Last year, we told you about a huge jump in global demand for industrial robots, reported by the International Federation of Robotics (IFR). This year the news from the IFR isn't as good. While there was nothing resembling the crash of 2009, the IRF's 2013 report found that overall sales of industrial robots in 2012 fell by about 4% from 2011. In this blog, we'll look at some of the results of the IRF's "World Robotics: Industrial Robots 2013" report. In a later blog, we'll examine its report on service robots, "World Robotics: Service Robots 2013."
The Germany-based federation was quick to point out that the overall decrease is slight, and caused mostly by a 13% decline in sales to the electrical/electronics manufacturing sector. This is the second largest sector after automotive manufacturing, and last year the IRF predicted that both would continue driving growth in industrial robot sales during 2012. Automotive manufacturing did increase, by 6%, and most other sectors grew by small amounts. Food and beverage increased by 4%, rubber and plastics grew slightly, but sales to the metals and machinery industry dropped by 3%. On the other hand, the overall decrease is not exactly the 5% overall increase the IRF had predicted last year.
The International Federation of Robotics reports that global sales of industrial robots decreased by 4% in 2012 over 2011. Electrical/electronics manufacturing took the biggest hit: it was down by 13%. Compared to the crash a few years ago this is still good news for the industry, and most manufacturing sectors rose slightly.
(Source: International Federation of Robotics)
Although the largest regional users of industrial robots are Japan and China, shipments to Asia in 2012 declined by 5% overall and to Korea by 24%, while Japan was up slightly. Shipments to China in 2012 grew only slightly over 2011, but it's still the fastest growing region. This nation's installations of industrial robots has grown at an annual compounded rate of 25% between 2005 and 2012, and shipments of industrial robots to China grew every year except during 2009.
The Americas and the UK had the largest increases in 2012, while much of Europe declined somewhat. For example, shipments to the Americas grew by 7%, and to the US by 9%, although shipments to Canada decreased by 5%. The report notes that since 2010, North American factories have been modernized and production capacity has increased, which can be seen as a confirmation of the widespread view that manufacturing has come back onshore in the US. In Europe, sales of industrial robots to the UK almost doubled, but Germany, Europe's largest user, fell by 10%, and Europe overall was down by 6%.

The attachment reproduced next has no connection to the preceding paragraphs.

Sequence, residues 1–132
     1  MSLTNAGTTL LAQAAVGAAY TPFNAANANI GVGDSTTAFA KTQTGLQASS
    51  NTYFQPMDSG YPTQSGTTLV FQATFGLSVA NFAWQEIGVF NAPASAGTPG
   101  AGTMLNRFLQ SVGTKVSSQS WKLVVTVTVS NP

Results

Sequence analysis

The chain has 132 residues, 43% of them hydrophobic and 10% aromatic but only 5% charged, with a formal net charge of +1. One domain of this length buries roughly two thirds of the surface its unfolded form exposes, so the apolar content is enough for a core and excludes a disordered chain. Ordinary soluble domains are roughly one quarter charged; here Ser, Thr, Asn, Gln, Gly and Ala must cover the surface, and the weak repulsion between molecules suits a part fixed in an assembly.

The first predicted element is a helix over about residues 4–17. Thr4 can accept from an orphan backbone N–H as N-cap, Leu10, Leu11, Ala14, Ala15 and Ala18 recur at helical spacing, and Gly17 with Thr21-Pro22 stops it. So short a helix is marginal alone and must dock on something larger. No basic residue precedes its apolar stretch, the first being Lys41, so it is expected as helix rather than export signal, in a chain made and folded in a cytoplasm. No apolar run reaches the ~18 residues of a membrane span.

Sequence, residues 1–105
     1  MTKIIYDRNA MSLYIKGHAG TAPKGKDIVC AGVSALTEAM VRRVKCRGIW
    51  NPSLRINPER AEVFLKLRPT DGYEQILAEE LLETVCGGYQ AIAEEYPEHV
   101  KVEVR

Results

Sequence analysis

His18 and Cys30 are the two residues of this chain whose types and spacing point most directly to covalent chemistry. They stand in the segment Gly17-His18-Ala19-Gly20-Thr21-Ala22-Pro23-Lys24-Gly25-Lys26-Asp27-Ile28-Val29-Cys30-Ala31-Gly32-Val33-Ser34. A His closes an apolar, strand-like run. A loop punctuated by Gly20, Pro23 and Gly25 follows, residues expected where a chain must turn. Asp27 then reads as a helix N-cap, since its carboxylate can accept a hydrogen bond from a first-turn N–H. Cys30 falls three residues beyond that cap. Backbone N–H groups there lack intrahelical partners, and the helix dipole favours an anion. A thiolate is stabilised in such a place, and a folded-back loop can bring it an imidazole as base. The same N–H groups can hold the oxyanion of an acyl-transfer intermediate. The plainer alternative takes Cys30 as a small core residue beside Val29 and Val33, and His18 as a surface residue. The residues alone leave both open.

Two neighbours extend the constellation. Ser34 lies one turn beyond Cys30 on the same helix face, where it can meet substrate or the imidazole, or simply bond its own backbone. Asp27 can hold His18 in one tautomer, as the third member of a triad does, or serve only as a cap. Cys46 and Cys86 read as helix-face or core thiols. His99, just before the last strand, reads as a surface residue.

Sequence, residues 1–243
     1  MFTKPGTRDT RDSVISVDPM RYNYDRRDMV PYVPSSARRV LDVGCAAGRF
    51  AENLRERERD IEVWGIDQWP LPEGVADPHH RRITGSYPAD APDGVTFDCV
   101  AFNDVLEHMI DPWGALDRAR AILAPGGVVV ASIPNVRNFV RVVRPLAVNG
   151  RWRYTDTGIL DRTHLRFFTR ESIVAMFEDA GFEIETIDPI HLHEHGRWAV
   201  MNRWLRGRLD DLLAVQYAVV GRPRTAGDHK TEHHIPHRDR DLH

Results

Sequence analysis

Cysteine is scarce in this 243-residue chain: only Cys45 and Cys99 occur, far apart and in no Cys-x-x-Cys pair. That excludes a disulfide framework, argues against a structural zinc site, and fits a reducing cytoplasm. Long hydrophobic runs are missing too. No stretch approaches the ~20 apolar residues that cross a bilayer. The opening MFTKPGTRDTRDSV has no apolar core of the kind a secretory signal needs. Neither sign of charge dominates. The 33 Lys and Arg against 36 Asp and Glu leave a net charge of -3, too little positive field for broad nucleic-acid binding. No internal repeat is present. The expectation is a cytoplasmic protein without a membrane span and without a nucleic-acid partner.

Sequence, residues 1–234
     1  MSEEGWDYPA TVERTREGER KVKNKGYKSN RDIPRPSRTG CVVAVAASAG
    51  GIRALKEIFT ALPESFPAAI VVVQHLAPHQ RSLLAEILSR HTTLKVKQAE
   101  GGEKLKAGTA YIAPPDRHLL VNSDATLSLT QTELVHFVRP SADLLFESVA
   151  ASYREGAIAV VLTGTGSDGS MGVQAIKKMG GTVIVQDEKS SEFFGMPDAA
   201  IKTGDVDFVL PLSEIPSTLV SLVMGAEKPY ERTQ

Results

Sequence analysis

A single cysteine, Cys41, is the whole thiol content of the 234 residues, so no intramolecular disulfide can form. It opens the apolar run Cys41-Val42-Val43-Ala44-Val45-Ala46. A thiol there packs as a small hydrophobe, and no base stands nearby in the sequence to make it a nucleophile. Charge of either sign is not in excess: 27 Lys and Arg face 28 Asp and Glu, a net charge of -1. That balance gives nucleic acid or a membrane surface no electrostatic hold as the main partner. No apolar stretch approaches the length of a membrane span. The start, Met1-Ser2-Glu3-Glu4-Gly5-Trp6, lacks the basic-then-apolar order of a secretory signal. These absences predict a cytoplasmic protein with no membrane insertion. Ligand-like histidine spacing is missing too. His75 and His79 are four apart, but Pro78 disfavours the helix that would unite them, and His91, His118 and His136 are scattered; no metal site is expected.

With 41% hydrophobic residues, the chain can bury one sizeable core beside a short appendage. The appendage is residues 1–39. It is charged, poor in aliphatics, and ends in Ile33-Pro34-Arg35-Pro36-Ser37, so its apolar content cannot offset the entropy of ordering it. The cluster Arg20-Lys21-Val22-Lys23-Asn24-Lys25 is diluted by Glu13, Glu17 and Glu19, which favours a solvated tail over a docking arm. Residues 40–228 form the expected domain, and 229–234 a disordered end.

Interestingly, the report stated that "robot suppliers have been reporting a considerable increase in the number of customers in the past years. However, the number of units ordered by these customers is often very small." This might be another factor in the lower sales figures. It might also reflect a shift we've seen at robot makers as varied as huge ABB and tiny Rethink Robotics. Both are making robots that are smaller, simpler to program, less expensive, and easier to use, and they are targeting smaller companies that will buy these bots in lower quantities. For example, we told you a while ago about a smaller welding robot from ABB, and we've written several times about Rethink's Baxter. The report seems to concur, since it states, "Technical improvements of industrial robots will increase the use of robots in the general industry and in small- and medium-sized companies, e.g. easier to use robots, uncomplicated, low-priced robots for simple applications, collaboration of robots with human workers." At the same time, improved quality will require more sophisticated, "high-tech" robot systems.
Between 2014 and 2016, the IRF predicts that global industrial robot sales will rise to an average of 6% per year. Before then, in 2013, sales will increase by about 2% over 2012, with demand varying among different industries and regions. The automotive industry's demand for industrial robots will start slowing, while the electrical/electronics industry's will increase, due to retooling for new production processes and increasing automation in production. Other industries will also increase, such as food and beverage, metal and machinery, and pharmaceutical. By region, growth will occur in North America, Brazil, Korea, China, South East Asia, and most of Central and Eastern Europe. Demand in Japan, continental Europe, and the UK will fall somewhat.
Thanks Ann for such an interesting post the figures are really eye capturing I totally agree that the demand for robots have never been constant it varries from time to time or era to era in other words we can say it is cyclic.
It is indeed very interesting change of trends. Few days back i was reading this article about Toyota's future manufacturing plans, and they are looking to replace machines with humans. I was very intrigued by this idea, as mostly the trend is other way around. Anyhow, if you look at the statistics of annual shipments from 1994 - 2013, you will see that there was never an ever-increasing trend in the robots. There are always ups and downs in the sales of robots, and as the technology grows in the coming years, the demands will undoubtedly rise.
Liz, I agree that would make sense on the surface. But the demand is somewhat cyclic over periods longer than a year. It's dependent on manufacturing cycles and when things like car models change and tooling up/retooling for same also changes. In other words, demand, not available supply. We've all become used to the electronics demand/supply cycles, which are 1 year or less, but that's only one manufacturing sector--and the one that took the biggest hit.
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